Set Up GDB
There are a lot of things that can go wrong when developing an OS. So it’s a good idea to add a debugger to our toolset, which allows us to set breakpoints and examine variables. We will use GDB as QEMU supports it out of the box.
To make QEMU listen for a gdb connection, we add the
-s flag to the
run target in our Makefile:
run: $(iso) @qemu-system-x86_64 -cdrom $(iso) -s
This allows us to connect a debugger at any time, for example to investigate why a panic occurred.
To wait for a debugger connection on startup, we add a
debug target to the Makefile:
debug: $(iso) @qemu-system-x86_64 -cdrom $(iso) -s -S
It is identical to the
run target except for the additional
-S flag. This flag causes QEMU to freeze on startup and wait until a debugger is connected. Now it should be possible to connect gdb.
🔗The annoying issue
Unfortunately gdb has an issue with the switch to long mode. If we connect when the CPU is already in long mode, everything works fine. But if we use
make debug and thus connect right at the start, we get an error when we set a breakpoint in 64-bit mode:
Remote 'g' packet reply is too long: [a very long number]
from my (limited) experience, unless you ping the gdb-patches list weekly, this patch is more likely to remain forgotten :-)
Pretty frustrating, especially since the patch is very small.
🔗Building the patched GDB
So the only way to use gdb with
make debug is to build a modified gdb version that includes the patch. I created a repository with the patched GDB to make this easy. Just follow the build instructions.
Now you should have a
rust-os-gdb subfolder. In its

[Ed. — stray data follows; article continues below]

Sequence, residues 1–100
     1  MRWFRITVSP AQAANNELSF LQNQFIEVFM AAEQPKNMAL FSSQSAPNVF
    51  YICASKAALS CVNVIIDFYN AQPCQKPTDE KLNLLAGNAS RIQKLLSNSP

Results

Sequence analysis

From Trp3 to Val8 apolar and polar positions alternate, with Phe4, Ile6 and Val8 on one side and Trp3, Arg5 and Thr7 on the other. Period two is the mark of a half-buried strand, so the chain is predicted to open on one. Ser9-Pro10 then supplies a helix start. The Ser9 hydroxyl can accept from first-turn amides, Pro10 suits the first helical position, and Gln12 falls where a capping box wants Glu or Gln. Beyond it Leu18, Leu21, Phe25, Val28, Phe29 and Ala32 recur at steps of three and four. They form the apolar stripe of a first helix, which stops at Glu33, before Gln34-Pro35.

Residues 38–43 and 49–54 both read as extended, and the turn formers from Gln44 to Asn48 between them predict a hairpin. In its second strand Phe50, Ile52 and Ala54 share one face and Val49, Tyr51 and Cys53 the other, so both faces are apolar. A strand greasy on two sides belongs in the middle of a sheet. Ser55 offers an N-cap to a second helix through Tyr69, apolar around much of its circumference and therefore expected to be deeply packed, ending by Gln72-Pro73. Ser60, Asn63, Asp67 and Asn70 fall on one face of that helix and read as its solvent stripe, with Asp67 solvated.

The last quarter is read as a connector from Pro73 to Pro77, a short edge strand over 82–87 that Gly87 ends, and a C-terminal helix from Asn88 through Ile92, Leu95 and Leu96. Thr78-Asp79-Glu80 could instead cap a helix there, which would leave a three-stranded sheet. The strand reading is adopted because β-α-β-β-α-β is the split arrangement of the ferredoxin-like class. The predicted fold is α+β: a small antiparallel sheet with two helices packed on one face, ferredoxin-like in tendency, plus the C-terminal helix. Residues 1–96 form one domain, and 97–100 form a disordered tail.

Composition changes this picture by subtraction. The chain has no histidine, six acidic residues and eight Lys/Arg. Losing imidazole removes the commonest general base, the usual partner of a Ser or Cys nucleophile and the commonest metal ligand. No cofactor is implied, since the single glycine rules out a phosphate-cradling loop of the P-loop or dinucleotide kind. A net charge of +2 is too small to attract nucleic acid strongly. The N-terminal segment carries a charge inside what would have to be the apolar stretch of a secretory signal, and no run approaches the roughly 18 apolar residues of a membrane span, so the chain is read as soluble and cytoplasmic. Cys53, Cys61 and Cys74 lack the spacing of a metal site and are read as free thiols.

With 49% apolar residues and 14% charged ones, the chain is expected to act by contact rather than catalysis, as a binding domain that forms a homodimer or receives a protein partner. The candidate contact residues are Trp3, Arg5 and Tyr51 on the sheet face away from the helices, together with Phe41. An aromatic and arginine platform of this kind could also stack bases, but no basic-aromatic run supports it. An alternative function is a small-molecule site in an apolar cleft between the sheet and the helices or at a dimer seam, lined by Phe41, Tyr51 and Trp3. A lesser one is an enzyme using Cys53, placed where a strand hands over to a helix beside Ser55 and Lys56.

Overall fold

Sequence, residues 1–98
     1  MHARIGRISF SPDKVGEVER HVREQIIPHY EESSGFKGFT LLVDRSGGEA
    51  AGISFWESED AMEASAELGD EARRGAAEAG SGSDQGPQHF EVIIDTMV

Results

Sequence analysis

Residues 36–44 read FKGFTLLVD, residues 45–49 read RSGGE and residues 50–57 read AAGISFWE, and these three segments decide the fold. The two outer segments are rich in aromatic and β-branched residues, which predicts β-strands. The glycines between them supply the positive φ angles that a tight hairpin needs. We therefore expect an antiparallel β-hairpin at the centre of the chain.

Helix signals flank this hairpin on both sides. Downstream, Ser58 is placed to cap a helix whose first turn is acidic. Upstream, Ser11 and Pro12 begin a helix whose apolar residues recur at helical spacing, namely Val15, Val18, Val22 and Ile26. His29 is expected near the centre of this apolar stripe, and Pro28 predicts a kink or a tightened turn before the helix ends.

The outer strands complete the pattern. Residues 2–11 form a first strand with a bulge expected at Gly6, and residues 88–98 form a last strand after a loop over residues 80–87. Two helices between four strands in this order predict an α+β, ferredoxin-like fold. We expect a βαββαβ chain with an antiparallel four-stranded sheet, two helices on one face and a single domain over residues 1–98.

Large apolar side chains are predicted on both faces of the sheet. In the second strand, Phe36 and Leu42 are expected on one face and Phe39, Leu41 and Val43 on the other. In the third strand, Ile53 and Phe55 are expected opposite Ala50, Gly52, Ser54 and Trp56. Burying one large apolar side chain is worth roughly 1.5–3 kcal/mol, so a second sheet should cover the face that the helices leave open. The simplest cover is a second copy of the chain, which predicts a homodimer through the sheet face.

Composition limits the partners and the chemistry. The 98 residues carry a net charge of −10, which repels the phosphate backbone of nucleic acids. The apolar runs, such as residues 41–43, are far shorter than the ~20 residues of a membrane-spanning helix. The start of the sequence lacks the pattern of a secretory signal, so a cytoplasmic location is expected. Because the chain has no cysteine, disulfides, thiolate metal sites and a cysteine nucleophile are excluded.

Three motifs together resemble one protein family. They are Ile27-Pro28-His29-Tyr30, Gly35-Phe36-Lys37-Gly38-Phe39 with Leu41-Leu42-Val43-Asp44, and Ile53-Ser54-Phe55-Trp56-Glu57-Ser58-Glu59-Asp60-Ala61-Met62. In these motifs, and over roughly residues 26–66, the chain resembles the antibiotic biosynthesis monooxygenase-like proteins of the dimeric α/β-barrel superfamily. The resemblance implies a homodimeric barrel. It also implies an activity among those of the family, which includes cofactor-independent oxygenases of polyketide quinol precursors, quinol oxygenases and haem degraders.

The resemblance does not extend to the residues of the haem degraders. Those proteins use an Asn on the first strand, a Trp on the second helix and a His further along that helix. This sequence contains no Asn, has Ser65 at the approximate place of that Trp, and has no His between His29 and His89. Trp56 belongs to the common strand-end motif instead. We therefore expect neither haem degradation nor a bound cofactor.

bin directory you find the
gdb executable and the
rust-gdb script, which improves rendering of Rust types. To make it easy to use it for our OS, we add a
make gdb target to our Makefile:
gdb: @rust-os-gdb/bin/rust-gdb "build/kernel-x86_64.bin" -ex "target remote :1234"
It loads the debug information from our kernel binary and connects to the
localhost:1234 port, on which QEMU listens by default.
After connecting to QEMU, you can use various gdb commands to control execution and examine data. All commands can be abbreviated as long they are still unique. For example, you can write
cont instead of
continue. The most important commands are:
h: Show the help.
b: Set a breakpoint. It possible to break on functions such as
rust_mainor on source lines such as
lib.rs:42. You can use tab for autocompletion and omit parts of the path as long it’s still unique. To modify breakpoints, you can use
deleteplus the breakpoint number.
c: Continue execution until a breakpoint is reached.
n: Step over the current line and break on the next line of the function. Sometimes this doesn’t work in Rust OSes.
s: Step into the current line, i.e. jump to the called function. Sometimes this doesn’t work in Rust OSes.
l: Shows the source code around the current position.
p: Prints the value of a variable. You can use Cs
&operators. To print in hexadecimal, use
tui enable: Enables the text user interface, which provides a graphical interface (see below). To disable it again, run
Of course there are many more commands. Feel free to send a PR if you think this list is missing something important. For a more complete GDB overview, check out Beej’s Quick Guide or the website for Harvard’s CS161 course.